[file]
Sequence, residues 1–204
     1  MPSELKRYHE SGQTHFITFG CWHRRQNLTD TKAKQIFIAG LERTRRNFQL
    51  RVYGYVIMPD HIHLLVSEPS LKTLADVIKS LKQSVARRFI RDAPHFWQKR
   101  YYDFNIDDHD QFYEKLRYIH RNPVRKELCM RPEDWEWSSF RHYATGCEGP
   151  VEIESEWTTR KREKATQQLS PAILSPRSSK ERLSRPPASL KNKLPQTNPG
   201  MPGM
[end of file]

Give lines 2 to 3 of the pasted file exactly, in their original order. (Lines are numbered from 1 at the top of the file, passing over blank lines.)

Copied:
     1  MPSELKRYHE SGQTHFITFG CWHRRQNLTD TKAKQIFIAG LERTRRNFQL
    51  RVYGYVIMPD HIHLLVSEPS LKTLADVIKS LKQSVARRFI RDAPHFWQKR